There is a mushroom called “chicken of the woods.” It’s not one of the ingredients in this item, but there are mushrooms and chicken in it. While it’s definitely not for vegetarians, Chef Zach’s recipe demands that the mushrooms greatly outweigh the chicken, so this would be a well-relished dish for friends of fungi.
2 large, boneless, skinless chicken breasts
10 brown mushrooms
10 white mushrooms
A medium handful of oyster mushrooms
1 cup of chicken broth
1/2 cup of chopped green onion
1/4 cup of peanut oil (for frying)
2 tbs. of oyster sauce
1 tbs. and 1 tsp. of freshly chopped garlic
1 tbs. of rice wine vinegar
1 tbs. of sesame oil
1 tbs. of soy sauce
2 tsp. of corn starch
1/2 tsp. of powdered ginger
Cut the chicken into manageable chunks – bite size, but not too small. Mix together 1 tsp. of garlic, vinegar, sesame oil, and soy sauce in a bowl. Toss the chicken in this sauce, and let marinade in the refrigerator for at least 30 minutes.
Put half of the peanut oil in a wok and heat on high. Cook the chicken until done, 4-5 minutes, stirring frequently. When done, remove from the wok and set aside. Add the remaining peanut oil, and then cook the brown and white mushrooms for 3-4 minutes together before adding the oyster mushrooms; cook 1 minute more. Add the remaining 1 tbs. of garlic, cook an additional minute stirring frequently, then add the chicken broth, green onions, and oyster sauce. Let cook for 1 minute and, while it cooks, mix the corn starch with a little bit of water. Put the chicken back in the wok, add the corn starch slurry. Cook for 1 minute longer, and serve immediately with steamed brown or white rice. Garnish with a bit of fresh green onion or toasted sesame seeds.
Egg foo young/yung/yong, regardless of spelling, is one of Zach’s favorite Chinese dishes. It is incontrovertibly light, filling, and satisfying at once. The one trade off, for enjoying the luxury of this being fairly healthy and nutrient rich, is that it requires lots of attention to make. For much of the cooking time, you will be glued to the range, but the tastes are tremendously tantalizing, enough to make you think twice the next time you consider going out for Chinese.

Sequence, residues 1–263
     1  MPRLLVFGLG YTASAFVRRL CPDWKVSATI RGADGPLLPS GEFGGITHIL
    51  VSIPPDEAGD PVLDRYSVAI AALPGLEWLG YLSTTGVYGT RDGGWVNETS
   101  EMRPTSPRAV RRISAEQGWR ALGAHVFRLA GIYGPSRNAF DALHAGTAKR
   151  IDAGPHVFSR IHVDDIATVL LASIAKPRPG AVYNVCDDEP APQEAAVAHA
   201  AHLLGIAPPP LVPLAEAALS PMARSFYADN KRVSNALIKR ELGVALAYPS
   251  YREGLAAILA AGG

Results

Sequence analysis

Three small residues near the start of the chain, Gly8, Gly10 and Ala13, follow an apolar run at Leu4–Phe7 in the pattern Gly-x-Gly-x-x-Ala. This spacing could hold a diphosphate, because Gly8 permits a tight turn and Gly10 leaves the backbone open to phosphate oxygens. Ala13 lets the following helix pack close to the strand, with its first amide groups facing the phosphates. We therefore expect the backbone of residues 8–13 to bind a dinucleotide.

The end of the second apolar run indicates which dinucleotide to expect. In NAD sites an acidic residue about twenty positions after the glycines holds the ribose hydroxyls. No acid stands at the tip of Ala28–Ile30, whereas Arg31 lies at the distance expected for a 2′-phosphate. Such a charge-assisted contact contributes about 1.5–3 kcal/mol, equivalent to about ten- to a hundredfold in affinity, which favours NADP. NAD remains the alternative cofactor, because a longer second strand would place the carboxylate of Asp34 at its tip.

1/2 lb. of peeled and deveined shrimp
2 cups of low-sodium chicken broth
10 brown mushrooms
1 cup of mung bean sprouts
1 cup of shredded green cabbage
1 medium carrot
half of one white onion
1/2 cup to 1 cup of peanut oil (for frying)
1/2 cup of chopped green onion
3 tbs. of oyster sauce
3 tbs. of soy sauce, divided in 1 tbs. and 2 tbs.
2 tbs. of cornstarch
2 tbs. of minced garlic, divided in 1 tbs. and 1 tbs.
2 tbs. of rice wine vinegar
1 tsp. of ground ginger
Preheat oven to 200 degrees F, and line a sheet pan with cloth or paper towels. Slice the mushrooms to about 1/4″ thick, cut the carrot into matchsticks, and chop up the onion in quarter-size pieces. Crack the eggs into a large mixing bowl.
Heat a wok or large saute pan over medium heat. Add 2 tbs. of oil, wait 1 minute, then add the chopped onion and cook for 2 minutes, stirring constantly. Add the mushrooms and cook for another 2 minutes, still stirring constantly.
Add the mung bean sprouts, 1 tbs. of soy sauce, and 1 tbs. of garlic, and cook for another 2 minutes, stirring constantly even still. Add the cabbage and carrot, and stirring constantly, cook another 2 minutes. Transfer the vegetables to a large plate or sheet pan to let cool.
Wipe the wok or saute pan (no need to deep clean). Return it to the stove, and heat over high heat. Add 1 tbs. of oil, wait 30 seconds, then add the shrimp. Cook for 3-4 minutes, stirring constantly, until they have turned pink. Set aside on the same plate or sheet pan as the vegetables.